CORVALLIS, Ore. — Researchers as Oregon State University have developed a new 3D model that allows them to take a closer look at what’s happening beneath the earth’s surface along the Cascadia Subduction Zone.
The model is providing new insight into the strength and composition of the rocks that lie along the floor of the Pacific Ocean near the Oregon coast, focusing on an area about 25 miles beneath the ground.
There's fluid developing in the Earth's crust at that depth, and the researchers have been studying it to try to find out what that could mean in the event of a large earthquake — the kind predicted to occur sooner or later in the Pacific Northwest.
One of the model's developers is Gary Egbert, a researcher and professor at OSU's College of Earth, Ocean and Atmospheric Sciences for over three decades. He’s been focusing on a particular area of the Cascadia Subduction Zone known as Siletzia, which stretches from Vancouver Island to Roseburg.
The research shows that area doesn't allow for as much water to get into parts of the crust, he said, so he's been paying close attention to the type of rock that sits along that portion of the zone.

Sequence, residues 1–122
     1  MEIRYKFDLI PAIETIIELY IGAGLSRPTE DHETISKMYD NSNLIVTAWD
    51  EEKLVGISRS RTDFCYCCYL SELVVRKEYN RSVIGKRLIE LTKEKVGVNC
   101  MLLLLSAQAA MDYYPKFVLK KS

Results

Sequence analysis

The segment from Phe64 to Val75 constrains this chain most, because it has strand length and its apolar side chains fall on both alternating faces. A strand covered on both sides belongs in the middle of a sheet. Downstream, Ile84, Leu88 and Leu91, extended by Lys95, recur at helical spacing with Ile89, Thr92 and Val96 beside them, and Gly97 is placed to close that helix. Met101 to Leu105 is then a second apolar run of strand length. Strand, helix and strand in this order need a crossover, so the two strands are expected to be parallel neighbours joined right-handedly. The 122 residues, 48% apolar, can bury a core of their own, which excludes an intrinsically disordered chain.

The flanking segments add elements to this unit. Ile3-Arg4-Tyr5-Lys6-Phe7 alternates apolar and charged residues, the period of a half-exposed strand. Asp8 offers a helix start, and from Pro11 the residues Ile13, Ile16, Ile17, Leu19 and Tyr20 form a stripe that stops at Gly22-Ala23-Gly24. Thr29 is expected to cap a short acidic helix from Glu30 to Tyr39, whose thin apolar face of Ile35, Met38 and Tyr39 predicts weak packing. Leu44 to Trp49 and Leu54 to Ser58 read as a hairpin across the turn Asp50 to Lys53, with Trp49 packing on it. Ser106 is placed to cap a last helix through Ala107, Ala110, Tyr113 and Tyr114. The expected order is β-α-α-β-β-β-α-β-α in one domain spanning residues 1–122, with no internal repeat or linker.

“Where does this rock stop, and where does the sediment begin?" he said. "And so I think one of the real key things is that we can tell that these sedimentary rocks are pushed underneath the continental edge."
Egbert said the 3D modeling has allowed him to see where the weaker rocks are located, and where the stronger rocks tend to be found. That information could help determine how some rocks deep below the Earth's surface can withstand more pressure than others.
The modeling can also help determine how far the rupture will extend when the big earthquake arrives, he said — but more research needs to be done to se what that will mean in terms of the amount of damage the earthquake could potentially cause.